• Binance Ruling Spotlights Muddled Post-Morrison Landscape

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    The Second Circuit's recent decision in Williams v. Binance highlights the judiciary's struggle to apply the U.S. Supreme Court's Morrison v. National Australia Bank ruling to digital assets, and illustrates how Morrison's territorial limits on the federal securities laws have become convoluted, say Andrew Rhys Davies and Jessica Lewis at WilmerHale.

  • Data Protection Steps To Consider After Biden Privacy Order

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    A recent White House executive order casts a spotlight on the criticality of securing sensitive content communications, presenting challenges and necessitating a recalibration of practices, especially for lawyers, says Camilo Artiga-Purcell at Kiteworks.

  • Highlights From The 2024 ABA Antitrust Spring Meeting

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    U.S. merger enforcement and cartels figured heavily in this year's American Bar Association spring antitrust meeting, where one key takeaway included news that the Federal Trade Commission's anticipated changes to the Hart-Scott-Rodino form may be less dramatic than many originally feared, say attorneys at Freshfields.

  • The Future Of BIPA Insurance Litigation After Visual Pak

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    A recent Illinois appellate court decision, National Fire Insurance v. Visual Pak, may have altered the future of insurance litigation under the state's Biometric Information Privacy Act by diametrically opposing a prominent Seventh Circuit ruling that found insurance coverage for violations of the act, say attorneys at Jenner & Block.

  • Consumer Privacy Takeaways From FTC Extraterritorial Action

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    With what appears to be its first privacy-related consent agreement with a non-U.S. business, the Federal Trade Commission establishes that its reach is extraterritorial and that consumer internet browsing data is sensitive data, and there are lessons for any multinational business that handles consumer information, say Olivia Greer and Alexis Bello at Weil.

  • NC Rulings Show Bankruptcy Isn't Only For Insolvent Debtors

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    Two recent rulings from a North Carolina bankruptcy court show that lack of financial distress is not a requirement for bankruptcy protection, particularly in the Fourth Circuit, but these types of cases can still be dismissed for other reasons, say Stuart Gordon and Alexandria Vath at Rivkin Radler.

  • Series

    Whitewater Kayaking Makes Me A Better Lawyer

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    Whether it's seeing clients and their issues from a new perspective, or staying nimble in a moment of intense challenge, the lessons learned from whitewater kayaking transcend the rapids of a river and prepare attorneys for the courtroom and beyond, says Matthew Kent at Alston & Bird.

  • Navigating Kentucky's New Consumer Privacy Law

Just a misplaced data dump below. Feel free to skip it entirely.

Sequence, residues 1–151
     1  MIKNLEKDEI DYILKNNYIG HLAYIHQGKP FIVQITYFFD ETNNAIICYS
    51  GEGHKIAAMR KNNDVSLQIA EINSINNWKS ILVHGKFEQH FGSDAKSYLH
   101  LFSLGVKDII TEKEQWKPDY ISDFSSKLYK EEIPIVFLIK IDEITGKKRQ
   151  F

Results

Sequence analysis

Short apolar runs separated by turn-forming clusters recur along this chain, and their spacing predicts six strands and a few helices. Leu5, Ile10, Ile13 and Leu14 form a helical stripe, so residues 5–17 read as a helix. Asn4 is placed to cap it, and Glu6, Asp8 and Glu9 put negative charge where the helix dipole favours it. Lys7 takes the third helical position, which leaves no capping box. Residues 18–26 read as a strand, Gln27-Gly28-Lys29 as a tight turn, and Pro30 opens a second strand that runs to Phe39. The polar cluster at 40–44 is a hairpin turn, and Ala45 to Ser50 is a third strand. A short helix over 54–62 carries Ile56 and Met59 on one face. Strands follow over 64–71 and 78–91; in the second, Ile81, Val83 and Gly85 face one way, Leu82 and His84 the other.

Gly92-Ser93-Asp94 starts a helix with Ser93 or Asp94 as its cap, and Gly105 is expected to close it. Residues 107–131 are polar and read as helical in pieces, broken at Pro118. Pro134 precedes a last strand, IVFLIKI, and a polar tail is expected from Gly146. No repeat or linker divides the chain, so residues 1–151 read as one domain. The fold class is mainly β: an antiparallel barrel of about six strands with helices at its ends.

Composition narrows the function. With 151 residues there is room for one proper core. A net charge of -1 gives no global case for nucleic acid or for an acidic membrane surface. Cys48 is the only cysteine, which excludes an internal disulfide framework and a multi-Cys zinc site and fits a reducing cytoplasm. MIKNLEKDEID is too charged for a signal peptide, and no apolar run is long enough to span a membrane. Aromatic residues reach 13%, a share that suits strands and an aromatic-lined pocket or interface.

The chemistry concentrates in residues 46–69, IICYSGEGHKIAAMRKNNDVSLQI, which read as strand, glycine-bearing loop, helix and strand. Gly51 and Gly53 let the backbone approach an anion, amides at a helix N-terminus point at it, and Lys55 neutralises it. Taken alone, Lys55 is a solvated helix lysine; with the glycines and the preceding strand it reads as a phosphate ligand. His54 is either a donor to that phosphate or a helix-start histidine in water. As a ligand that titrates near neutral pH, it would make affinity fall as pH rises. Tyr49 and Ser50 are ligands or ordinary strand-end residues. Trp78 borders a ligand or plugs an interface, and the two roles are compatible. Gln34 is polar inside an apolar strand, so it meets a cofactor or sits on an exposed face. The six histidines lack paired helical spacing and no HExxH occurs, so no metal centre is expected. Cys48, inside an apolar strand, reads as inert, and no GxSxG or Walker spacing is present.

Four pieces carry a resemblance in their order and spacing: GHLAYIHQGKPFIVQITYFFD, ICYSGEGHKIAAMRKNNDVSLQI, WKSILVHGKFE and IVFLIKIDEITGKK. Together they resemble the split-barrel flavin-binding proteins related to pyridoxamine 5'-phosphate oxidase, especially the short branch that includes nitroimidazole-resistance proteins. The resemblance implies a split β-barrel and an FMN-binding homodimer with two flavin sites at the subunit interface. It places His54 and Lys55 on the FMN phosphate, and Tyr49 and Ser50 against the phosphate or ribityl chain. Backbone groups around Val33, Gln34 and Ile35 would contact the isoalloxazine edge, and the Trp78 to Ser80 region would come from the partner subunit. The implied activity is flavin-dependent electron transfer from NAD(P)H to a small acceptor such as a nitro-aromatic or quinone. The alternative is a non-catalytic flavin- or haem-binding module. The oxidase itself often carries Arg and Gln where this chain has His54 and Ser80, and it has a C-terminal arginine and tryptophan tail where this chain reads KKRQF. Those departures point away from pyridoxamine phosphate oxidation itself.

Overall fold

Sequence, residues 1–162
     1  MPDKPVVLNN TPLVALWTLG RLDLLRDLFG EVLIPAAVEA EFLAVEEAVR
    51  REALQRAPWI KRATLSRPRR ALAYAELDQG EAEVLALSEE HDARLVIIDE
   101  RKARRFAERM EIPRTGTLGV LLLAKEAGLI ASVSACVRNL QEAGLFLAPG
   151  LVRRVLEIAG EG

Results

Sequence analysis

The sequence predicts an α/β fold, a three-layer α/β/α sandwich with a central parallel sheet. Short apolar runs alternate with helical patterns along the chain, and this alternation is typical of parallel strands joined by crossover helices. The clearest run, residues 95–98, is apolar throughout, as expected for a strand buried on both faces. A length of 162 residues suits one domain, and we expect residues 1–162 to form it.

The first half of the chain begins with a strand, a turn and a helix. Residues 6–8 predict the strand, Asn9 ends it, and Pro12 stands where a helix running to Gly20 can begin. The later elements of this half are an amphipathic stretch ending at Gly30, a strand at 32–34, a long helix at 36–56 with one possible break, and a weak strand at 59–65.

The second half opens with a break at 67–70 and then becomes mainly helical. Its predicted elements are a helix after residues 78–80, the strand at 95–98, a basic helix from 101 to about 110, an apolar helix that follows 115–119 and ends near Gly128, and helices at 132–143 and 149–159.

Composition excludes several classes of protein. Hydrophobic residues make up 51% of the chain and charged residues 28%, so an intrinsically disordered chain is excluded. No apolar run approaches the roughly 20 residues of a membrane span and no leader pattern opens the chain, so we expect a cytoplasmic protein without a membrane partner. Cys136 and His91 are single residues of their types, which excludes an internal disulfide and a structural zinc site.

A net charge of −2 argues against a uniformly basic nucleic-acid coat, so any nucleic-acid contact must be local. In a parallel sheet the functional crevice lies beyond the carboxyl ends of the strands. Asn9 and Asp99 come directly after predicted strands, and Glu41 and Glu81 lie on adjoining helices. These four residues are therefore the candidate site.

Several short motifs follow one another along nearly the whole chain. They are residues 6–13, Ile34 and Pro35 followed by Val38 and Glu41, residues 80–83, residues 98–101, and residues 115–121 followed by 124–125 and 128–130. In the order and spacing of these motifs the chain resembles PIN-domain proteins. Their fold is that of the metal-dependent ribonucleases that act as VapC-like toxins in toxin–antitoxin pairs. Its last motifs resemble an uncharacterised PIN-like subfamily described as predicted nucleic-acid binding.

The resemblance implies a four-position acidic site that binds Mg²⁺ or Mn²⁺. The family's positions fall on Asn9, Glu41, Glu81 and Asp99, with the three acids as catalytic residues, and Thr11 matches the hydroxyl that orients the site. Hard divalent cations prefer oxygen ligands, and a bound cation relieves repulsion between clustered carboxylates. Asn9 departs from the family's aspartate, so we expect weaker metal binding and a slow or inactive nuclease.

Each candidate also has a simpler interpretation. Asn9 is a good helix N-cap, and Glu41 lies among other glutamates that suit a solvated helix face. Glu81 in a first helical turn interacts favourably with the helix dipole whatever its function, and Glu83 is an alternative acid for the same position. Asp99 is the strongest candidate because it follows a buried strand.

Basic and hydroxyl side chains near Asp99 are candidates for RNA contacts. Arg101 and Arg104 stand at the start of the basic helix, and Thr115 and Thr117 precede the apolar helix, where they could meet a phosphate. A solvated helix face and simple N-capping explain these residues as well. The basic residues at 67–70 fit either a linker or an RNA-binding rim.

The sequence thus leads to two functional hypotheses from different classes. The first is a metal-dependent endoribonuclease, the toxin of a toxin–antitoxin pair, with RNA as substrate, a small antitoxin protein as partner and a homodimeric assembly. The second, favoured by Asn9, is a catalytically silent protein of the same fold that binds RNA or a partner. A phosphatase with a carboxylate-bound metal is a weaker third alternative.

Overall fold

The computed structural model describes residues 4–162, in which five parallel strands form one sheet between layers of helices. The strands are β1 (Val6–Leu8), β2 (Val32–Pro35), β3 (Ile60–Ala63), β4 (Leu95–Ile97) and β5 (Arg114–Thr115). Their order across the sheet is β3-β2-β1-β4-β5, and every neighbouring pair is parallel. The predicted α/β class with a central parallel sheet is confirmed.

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    On April 4, Kentucky passed a new law that imposes obligations on affected businesses relating to the collection, use and sale of personal data — and those operating within the state must prepare for a new regulatory landscape governing the handling of consumer data, say Risa Boerner and Martha Vázquez at Fisher Phillips.

  • This Earth Day, Consider How Your Firm Can Go Greener

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    As Earth Day approaches, law firms and attorneys should consider adopting more sustainable practices to reduce their carbon footprint — from minimizing single-use plastics to purchasing carbon offsets for air travel — which ultimately can also reduce costs for clients, say M’Lynn Phillips and Lisa Walters at IMS Legal Strategies.

  • New Proposal Signals Sharper Enforcement Focus At CFIUS

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    Last week's proposed rule aimed at broadening the Committee on Foreign Investment in the United States' enforcement authority over foreign investments and increasing penalties for violations signals that CFIUS intends to continue expanding its aggressive monitoring of national security issues, say attorneys at Kirkland.

  • What FinCEN Proposed Customer ID Number Change Means

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    The Financial Crimes Enforcement Network's recent request for comment on changing a requirement for banks to collect full Social Security numbers at account sign-up represents an important opportunity for banks to express their preferability, as communicating sensitive information online may carry fraud or cybersecurity risks, say attorneys at Crowell & Moring.

  • Circumstantial Evidence Requires A Pointillist Approach

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    Because complex cases with sophisticated defendants are unlikely to reveal much, if any, direct evidence, attorneys must aggregate many pieces of circumstantial evidence into a cohesive narrative — much like the painting technique of pointillism, says Reuben Guttman at Guttman Buschner.